From the moment my taxi pulls up to the Ritz-Carlton at Water Tower Place, I'm entering uncharted waters. A doorman--bellhop? bellboy? bellman?--whisks away my luggage and leads me to the 12th floor. The lobby is a two-story greenhouse with skylights, massive floral arrangements, and a gushing fountain. I speak my name and within seconds a young woman hands me a key. "You're all checked in now, Ms. DiGangi," she says. She even pronounces it correctly.

My room is gorgeous, with a stunning view of Navy Pier and Lake Michigan. My closet is equipped with an iron, an ironing board, puffy quilted hangers (Joan Crawford would be impressed), a long wooden shoehorn, a clothes brush, and a mysterious lavender spray. There's a Sony PlayStation next to the TV and two telephones--each with its own separate line. The marble bathroom features yet another phone. The four goose-down pillows on my king-size bed, according to prices set in the downstairs gift shop, are worth $75 each. Altarlike shelves above the mini-bar are stacked with cookies, nuts, and other goodies, including a disposable camera. My hundred-dollar per diem could easily be spent on snacks, drinks, and phone calls, especially after I hook my laptop up to the Internet. But I'm ready to spend it. I pick up the phone and dial my friend Lana at work to tell her I've arrived.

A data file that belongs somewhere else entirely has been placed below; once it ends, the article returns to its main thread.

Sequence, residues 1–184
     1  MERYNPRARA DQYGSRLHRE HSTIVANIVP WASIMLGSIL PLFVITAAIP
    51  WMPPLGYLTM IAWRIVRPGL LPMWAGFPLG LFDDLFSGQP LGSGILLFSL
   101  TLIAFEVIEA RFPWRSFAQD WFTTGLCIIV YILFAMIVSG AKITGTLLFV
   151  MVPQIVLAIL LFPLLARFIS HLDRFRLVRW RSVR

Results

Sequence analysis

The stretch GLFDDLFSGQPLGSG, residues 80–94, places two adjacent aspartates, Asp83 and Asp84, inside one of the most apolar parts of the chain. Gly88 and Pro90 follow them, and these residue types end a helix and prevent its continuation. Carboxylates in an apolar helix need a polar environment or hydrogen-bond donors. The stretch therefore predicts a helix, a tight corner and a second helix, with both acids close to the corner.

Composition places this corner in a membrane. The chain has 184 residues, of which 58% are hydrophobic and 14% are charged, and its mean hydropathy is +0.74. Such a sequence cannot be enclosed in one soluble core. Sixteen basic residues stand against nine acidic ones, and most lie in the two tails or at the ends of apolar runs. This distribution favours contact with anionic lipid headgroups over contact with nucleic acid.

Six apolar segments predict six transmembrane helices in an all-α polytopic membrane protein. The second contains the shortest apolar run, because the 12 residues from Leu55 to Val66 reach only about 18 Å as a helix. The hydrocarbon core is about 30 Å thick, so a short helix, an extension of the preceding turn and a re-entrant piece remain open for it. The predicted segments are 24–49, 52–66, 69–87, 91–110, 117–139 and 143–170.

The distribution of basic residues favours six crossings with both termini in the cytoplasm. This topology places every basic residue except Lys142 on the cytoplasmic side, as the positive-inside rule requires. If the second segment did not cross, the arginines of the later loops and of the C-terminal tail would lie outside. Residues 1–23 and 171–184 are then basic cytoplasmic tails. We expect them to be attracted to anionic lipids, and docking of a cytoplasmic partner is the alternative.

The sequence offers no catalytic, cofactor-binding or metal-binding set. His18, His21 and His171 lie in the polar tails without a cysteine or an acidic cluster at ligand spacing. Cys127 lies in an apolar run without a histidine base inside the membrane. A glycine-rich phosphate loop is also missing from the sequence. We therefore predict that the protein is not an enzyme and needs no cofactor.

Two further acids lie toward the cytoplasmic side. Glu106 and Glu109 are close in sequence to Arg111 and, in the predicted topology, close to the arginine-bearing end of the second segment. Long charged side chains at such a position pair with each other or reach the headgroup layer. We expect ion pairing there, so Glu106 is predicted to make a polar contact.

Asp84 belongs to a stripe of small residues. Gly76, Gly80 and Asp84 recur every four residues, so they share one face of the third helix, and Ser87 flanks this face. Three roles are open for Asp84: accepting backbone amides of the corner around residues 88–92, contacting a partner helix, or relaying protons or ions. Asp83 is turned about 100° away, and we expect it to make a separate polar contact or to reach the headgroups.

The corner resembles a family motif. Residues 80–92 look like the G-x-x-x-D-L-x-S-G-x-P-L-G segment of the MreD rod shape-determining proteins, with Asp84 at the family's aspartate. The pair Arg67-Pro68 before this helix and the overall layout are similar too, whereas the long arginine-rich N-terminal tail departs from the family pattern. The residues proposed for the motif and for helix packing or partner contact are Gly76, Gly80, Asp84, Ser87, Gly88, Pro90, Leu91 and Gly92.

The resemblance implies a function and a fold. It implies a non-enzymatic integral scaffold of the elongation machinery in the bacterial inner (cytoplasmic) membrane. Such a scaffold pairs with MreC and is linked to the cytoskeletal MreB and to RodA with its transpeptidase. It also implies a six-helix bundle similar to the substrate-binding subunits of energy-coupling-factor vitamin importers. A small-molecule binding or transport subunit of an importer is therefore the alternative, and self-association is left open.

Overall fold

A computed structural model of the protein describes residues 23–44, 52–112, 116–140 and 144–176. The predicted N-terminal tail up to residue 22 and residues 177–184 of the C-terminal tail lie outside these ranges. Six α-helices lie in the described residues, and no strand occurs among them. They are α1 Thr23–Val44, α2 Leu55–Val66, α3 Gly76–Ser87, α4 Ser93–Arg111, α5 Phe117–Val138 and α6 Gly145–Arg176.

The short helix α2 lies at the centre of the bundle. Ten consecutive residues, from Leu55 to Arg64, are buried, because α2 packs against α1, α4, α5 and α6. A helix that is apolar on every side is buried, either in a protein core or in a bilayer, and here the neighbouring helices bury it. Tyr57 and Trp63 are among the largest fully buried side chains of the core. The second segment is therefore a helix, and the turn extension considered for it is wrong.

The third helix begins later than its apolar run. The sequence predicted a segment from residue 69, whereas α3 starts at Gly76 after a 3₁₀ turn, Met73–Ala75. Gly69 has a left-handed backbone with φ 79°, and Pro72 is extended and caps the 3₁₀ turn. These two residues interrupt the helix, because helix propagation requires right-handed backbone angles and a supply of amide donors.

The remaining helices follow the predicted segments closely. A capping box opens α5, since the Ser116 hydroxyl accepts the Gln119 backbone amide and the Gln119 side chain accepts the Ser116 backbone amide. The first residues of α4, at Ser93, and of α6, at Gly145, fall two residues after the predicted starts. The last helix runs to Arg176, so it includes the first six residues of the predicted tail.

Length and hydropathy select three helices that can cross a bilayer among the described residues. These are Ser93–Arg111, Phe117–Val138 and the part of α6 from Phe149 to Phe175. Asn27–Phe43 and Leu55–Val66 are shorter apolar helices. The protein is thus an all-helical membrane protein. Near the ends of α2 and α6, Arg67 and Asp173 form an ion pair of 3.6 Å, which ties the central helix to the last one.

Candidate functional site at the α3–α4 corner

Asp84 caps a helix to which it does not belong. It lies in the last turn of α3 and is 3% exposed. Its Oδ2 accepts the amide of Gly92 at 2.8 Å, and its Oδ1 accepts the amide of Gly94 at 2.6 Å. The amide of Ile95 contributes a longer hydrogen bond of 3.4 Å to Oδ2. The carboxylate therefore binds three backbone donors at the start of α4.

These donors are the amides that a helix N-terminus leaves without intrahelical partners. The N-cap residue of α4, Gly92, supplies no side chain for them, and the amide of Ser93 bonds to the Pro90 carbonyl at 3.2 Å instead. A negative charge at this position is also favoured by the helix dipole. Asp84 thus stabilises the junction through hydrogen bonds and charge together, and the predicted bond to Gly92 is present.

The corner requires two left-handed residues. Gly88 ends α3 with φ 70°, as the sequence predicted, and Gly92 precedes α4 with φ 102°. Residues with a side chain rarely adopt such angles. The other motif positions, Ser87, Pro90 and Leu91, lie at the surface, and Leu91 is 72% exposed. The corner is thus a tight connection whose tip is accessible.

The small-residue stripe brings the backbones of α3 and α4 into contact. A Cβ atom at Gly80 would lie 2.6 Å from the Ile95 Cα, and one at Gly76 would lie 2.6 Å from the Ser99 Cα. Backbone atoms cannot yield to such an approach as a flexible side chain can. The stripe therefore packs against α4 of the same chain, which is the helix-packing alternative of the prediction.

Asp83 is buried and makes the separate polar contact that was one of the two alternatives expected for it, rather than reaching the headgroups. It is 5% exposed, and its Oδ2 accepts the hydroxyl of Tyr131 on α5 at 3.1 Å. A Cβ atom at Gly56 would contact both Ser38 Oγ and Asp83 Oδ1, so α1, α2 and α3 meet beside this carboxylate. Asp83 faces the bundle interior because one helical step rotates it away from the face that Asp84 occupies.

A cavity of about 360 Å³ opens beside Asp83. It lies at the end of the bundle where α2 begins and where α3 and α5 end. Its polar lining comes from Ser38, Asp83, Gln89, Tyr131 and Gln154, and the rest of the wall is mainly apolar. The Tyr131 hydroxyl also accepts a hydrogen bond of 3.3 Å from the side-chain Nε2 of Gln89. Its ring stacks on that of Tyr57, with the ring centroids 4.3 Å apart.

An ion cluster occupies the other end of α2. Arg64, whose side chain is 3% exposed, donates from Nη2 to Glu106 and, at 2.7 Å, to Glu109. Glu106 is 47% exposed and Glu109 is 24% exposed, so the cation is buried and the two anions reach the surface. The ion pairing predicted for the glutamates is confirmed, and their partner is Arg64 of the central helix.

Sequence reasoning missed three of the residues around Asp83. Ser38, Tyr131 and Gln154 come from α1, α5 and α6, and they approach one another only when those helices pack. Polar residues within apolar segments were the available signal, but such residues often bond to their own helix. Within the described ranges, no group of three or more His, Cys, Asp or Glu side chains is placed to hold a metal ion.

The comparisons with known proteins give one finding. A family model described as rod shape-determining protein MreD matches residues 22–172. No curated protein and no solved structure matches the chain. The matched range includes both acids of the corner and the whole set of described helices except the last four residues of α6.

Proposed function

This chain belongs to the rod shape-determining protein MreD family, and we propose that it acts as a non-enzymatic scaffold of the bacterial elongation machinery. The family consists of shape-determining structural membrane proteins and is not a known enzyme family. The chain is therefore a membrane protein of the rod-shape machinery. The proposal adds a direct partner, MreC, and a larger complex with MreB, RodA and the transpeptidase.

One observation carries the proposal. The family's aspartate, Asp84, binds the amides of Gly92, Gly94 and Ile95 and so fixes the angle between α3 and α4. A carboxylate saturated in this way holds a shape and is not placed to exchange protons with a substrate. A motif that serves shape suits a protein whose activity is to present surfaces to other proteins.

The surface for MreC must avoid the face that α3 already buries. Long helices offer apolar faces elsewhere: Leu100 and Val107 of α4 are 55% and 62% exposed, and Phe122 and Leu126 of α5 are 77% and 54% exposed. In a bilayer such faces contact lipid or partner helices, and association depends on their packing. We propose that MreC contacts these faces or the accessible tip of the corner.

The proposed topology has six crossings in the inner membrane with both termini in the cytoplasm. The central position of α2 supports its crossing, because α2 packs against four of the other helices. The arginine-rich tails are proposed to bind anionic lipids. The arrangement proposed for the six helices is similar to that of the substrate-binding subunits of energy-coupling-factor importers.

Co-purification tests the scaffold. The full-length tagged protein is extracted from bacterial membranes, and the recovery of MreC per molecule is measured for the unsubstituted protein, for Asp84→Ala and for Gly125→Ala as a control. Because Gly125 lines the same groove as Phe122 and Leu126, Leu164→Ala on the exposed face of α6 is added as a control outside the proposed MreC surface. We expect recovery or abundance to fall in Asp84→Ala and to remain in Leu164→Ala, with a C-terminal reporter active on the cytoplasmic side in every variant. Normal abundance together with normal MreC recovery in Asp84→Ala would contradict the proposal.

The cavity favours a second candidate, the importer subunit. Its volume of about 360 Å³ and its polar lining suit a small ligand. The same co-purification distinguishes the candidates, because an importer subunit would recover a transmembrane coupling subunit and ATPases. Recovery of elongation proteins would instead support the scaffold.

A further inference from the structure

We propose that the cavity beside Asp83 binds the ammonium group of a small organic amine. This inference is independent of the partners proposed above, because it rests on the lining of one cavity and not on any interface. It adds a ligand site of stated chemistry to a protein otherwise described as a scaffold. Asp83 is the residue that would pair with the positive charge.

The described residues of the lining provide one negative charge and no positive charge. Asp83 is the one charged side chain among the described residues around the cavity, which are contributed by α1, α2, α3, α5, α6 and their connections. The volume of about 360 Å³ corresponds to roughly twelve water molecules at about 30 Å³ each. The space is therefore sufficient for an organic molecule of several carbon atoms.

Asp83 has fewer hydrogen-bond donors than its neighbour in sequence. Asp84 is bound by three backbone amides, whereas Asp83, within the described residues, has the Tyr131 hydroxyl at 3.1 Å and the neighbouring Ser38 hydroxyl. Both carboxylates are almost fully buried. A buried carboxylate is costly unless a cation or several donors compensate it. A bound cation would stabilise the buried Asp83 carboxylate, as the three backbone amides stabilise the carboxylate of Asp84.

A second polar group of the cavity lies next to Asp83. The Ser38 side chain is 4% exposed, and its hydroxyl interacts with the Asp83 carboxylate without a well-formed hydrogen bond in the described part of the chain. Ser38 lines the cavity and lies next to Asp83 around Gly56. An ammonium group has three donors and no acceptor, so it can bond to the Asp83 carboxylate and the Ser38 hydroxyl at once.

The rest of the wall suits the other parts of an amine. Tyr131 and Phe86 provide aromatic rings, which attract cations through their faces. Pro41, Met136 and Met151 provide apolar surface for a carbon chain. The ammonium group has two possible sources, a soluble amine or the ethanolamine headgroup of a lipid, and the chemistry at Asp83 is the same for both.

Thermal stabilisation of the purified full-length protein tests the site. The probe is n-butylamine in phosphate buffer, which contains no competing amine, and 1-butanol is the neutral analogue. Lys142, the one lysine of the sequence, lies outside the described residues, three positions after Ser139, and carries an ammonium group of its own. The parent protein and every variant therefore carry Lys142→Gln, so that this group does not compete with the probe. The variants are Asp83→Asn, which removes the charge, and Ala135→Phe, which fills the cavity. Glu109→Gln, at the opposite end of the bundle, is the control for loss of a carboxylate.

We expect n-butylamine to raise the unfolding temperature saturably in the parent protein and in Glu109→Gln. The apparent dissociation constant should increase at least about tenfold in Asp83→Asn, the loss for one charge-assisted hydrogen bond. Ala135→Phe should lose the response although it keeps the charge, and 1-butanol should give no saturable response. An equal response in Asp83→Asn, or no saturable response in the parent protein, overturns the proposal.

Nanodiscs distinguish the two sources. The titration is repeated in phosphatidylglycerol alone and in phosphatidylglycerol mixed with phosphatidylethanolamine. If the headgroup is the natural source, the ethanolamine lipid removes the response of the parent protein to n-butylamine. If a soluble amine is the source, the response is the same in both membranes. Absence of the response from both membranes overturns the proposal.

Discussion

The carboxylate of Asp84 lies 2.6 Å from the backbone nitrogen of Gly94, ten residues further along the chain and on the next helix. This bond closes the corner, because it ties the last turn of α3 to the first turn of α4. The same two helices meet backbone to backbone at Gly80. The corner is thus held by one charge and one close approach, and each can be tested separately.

When I lived in Chicago, Lana was my official movie buddy, so it makes sense that she be my guest at the premiere. After work, she meets me at the Ritz, where we board a tour bus for the ride to the Chicago Theatre.

Back when I was a teenager, downtown was the place to see all the big movies. I'm thrown into a time warp as I stare at the ceiling of the movie palace. Meanwhile Lana is reminiscing about a not-so-distant past when she and I saw flicks together at Webster Place and the Biograph. "Can't we sit closer to the screen?" she asks an usher who has led us to a taped-off media section midtheater.

"Well, I suppose," says the usher, who, like me, doesn't understand Lana's motivation.

"You remember," she says to me. "Like we did back in the old days. We always sat up front."